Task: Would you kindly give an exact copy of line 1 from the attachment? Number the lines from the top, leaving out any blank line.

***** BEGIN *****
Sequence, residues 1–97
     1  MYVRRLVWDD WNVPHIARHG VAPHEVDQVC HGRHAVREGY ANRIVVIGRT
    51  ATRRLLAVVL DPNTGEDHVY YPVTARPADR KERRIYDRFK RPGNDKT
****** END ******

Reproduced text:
Sequence, residues 1–97